The vast majority of organisations around Australia can be classified as a "lifestyle" businesses. This means that they have been set up and developed over the years under the watchful gaze of the founder, and while they may have been grown to quite a significant size, they still remain in the same form and function as when they were originally launched. Certainly, a number of other individuals may be responsible for managing the everyday operation, but any significant plans for the future come down to the founder. But what happens when it's time to retire? If you're in this position now, have you even thought about your exit plan and what is involved?
Making a Plan
Many owners have not made any formal plans to deal with succession and they should have, as if not, problems can arise. It becomes even more of a challenge if the key stakeholder were to "disappear" due to illness or even death. The value of the business could be strictly compromised, and this could affect all of the people who work there and many of the customers as well.
You Have to Do This Some Day
Certainly, serious illness or death could force the issue, but retirement will come in any case. In order to sell the business as a valuable and going concern, the exit plan has to be carefully crafted.
Some people may choose to hand over the reins completely at this point, or they may simply fade into the background slowly. The approach will affect the structure of the plan, and it also possible to develop two separate alternatives, so you can hedge your bets. Above all else, however, you need to determine who is going to be the successor and whether you will actually sell the organisation to a third party or focus on an existing business partner.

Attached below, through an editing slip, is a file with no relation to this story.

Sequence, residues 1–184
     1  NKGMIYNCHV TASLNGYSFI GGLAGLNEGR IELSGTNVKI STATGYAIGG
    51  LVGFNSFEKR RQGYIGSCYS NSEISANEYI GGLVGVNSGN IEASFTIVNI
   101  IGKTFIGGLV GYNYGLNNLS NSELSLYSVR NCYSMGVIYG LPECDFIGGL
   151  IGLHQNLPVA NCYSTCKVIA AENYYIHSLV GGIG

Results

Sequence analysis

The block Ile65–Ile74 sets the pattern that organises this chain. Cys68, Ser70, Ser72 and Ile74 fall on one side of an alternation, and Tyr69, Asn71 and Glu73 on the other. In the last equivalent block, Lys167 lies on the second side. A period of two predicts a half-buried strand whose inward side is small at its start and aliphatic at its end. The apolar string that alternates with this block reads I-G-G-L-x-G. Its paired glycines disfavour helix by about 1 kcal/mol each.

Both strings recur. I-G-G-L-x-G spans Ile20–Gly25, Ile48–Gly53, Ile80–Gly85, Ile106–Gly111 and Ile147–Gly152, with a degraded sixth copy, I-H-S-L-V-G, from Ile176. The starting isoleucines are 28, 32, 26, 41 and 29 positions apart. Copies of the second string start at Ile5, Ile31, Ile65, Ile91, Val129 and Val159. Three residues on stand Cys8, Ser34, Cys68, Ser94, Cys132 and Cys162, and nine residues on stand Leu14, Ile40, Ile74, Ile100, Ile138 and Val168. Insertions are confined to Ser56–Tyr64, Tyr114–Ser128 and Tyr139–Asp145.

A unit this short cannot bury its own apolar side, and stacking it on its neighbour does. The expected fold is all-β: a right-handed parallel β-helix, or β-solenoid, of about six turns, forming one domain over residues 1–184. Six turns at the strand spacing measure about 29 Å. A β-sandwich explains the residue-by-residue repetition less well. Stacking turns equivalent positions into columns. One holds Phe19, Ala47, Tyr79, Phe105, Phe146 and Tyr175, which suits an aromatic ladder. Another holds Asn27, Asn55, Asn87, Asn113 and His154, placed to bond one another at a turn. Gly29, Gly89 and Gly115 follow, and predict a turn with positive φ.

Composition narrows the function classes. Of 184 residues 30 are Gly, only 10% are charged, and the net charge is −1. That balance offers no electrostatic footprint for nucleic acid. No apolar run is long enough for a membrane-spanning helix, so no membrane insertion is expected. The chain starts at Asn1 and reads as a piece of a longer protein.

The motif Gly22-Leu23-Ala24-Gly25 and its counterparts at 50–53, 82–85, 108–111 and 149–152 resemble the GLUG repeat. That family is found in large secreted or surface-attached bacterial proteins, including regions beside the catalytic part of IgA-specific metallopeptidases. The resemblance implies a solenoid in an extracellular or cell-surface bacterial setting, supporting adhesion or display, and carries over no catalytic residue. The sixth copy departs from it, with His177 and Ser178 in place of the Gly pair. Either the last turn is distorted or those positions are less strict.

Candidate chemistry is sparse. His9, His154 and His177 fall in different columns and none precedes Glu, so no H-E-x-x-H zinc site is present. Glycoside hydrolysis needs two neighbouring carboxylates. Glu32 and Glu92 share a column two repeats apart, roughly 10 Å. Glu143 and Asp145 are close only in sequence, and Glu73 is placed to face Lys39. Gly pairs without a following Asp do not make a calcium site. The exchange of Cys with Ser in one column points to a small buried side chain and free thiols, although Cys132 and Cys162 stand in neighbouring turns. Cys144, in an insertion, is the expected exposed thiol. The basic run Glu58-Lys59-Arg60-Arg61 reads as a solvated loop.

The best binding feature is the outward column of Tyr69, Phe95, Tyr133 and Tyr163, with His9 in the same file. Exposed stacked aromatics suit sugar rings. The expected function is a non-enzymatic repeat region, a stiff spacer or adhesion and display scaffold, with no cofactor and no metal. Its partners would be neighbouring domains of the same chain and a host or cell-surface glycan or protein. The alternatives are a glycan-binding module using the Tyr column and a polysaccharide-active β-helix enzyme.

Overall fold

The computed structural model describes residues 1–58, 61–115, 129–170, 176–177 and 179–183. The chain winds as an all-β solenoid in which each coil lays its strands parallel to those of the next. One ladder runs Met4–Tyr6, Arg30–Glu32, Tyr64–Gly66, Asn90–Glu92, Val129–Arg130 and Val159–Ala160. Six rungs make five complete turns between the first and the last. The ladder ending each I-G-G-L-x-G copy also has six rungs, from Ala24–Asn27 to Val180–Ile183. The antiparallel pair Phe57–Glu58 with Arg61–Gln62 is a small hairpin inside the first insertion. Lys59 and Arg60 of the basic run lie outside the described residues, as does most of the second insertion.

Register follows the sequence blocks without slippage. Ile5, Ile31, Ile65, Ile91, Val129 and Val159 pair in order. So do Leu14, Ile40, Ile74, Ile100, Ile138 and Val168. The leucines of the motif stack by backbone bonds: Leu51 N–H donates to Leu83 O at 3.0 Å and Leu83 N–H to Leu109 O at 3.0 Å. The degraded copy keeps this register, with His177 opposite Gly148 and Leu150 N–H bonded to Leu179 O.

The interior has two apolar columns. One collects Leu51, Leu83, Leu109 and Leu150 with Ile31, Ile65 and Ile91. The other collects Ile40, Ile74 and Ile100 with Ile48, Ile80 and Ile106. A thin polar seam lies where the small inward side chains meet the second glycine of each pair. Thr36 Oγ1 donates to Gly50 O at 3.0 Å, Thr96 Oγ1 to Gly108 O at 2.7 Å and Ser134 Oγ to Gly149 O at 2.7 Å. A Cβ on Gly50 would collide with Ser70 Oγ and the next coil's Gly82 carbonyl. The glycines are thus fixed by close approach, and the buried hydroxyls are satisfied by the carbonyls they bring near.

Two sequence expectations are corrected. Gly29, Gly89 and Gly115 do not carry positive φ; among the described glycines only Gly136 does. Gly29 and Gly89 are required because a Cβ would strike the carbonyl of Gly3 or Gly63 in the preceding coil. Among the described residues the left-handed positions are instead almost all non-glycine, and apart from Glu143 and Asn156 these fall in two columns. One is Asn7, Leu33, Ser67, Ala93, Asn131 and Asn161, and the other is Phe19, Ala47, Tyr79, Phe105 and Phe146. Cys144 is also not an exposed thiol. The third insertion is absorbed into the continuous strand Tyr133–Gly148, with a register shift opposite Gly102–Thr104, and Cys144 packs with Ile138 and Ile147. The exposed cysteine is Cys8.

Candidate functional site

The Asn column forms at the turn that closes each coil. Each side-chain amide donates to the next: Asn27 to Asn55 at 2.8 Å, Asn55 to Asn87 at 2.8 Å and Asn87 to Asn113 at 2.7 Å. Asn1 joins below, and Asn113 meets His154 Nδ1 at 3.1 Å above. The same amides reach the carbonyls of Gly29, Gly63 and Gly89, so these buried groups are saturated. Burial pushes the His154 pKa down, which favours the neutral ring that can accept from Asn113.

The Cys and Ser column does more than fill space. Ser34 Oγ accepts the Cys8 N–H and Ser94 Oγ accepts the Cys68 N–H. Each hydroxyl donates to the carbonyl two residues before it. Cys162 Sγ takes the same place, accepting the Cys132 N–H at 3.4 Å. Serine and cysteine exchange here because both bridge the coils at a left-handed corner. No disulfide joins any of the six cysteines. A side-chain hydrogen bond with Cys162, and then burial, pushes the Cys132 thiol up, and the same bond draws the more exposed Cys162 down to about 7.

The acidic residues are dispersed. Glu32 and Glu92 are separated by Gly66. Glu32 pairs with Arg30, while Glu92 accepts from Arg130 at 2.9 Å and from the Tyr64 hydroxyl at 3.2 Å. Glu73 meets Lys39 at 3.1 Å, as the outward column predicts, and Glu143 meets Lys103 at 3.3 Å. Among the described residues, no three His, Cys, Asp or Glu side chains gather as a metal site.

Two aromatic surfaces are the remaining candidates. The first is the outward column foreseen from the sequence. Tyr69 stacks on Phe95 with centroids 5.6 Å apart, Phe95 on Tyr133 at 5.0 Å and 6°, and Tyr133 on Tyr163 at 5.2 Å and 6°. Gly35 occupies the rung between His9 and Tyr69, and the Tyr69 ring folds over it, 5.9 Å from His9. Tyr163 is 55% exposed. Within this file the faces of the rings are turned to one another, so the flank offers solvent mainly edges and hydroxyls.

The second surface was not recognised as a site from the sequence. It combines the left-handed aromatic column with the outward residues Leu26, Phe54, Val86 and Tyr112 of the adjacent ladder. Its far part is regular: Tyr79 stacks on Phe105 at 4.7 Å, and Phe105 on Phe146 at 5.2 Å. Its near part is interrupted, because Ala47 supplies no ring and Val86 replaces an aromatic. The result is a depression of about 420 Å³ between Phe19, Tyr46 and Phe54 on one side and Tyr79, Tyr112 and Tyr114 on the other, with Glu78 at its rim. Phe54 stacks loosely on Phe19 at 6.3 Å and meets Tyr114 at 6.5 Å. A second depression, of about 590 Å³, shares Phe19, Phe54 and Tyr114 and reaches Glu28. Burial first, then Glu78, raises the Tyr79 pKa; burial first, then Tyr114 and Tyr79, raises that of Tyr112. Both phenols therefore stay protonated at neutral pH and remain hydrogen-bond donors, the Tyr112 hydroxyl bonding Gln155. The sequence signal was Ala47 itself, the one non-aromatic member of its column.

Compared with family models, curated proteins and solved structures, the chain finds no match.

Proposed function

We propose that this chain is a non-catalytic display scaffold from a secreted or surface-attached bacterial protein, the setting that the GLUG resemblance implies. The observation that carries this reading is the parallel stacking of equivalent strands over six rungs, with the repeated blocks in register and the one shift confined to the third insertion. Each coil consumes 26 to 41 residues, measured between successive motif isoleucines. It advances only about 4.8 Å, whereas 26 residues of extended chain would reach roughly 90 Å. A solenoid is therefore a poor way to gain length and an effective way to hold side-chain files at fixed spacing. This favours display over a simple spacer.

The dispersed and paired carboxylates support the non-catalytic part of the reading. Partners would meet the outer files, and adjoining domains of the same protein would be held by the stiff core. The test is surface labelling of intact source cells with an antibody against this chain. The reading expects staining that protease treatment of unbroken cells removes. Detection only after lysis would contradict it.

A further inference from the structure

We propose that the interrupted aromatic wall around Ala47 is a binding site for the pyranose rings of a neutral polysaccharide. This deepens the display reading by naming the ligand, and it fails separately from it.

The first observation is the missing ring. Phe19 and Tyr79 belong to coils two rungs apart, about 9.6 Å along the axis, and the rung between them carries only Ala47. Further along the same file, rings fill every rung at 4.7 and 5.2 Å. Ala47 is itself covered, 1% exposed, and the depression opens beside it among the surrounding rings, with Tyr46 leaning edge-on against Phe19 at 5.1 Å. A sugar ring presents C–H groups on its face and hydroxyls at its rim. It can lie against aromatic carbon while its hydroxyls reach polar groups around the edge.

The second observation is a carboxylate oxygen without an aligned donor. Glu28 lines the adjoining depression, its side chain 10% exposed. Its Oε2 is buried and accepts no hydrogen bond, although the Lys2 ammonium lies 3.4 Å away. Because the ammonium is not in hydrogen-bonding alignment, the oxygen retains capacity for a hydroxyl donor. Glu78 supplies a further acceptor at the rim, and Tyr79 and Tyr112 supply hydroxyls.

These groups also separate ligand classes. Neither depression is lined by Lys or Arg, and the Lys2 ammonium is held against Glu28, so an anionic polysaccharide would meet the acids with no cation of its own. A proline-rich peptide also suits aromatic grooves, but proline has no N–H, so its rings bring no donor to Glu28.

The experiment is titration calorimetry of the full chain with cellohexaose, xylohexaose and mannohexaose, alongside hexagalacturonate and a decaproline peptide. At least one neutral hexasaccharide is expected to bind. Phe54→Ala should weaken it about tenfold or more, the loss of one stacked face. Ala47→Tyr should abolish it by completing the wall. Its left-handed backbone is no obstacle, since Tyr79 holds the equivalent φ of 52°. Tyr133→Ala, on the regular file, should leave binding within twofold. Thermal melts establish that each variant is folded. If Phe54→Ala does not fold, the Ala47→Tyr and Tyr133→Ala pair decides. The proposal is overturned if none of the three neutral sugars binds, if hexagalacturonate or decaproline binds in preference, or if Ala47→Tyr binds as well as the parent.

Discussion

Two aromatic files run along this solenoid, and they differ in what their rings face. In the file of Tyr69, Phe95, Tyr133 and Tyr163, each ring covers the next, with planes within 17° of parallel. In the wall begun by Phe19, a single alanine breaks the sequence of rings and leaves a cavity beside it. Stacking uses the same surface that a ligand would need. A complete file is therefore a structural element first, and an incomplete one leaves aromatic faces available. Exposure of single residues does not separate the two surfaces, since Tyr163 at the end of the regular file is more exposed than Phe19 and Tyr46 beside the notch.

Keeping the Staff
Don't underestimate the position of your key personnel, as it does not necessarily follow that they will continue in that position when you hand over the business. Remember, between them they have a lot of experience and learned skills, and this may represent a large part of the business's value. You should try to guarantee that they will continue in your succession plan.
You may need to work with experts, like a tax accountant, to come up with a fair transfer or sale price, and you will certainly need to calculate the tax implications. If you want to be able to pass on some of your hard-earned money to your family, you'll want to minimise the amount of tax and take advantage of any relief rates offered by the government.
Ask the Experts
Firstly, you will need an attorney who can cut through the paperwork and consider all the legal obligations. They can also help you to incorporate your sale plan within your will, just in case. Importantly, you will also need a tax accountant, who will help you avoid making any big financial mistakesShare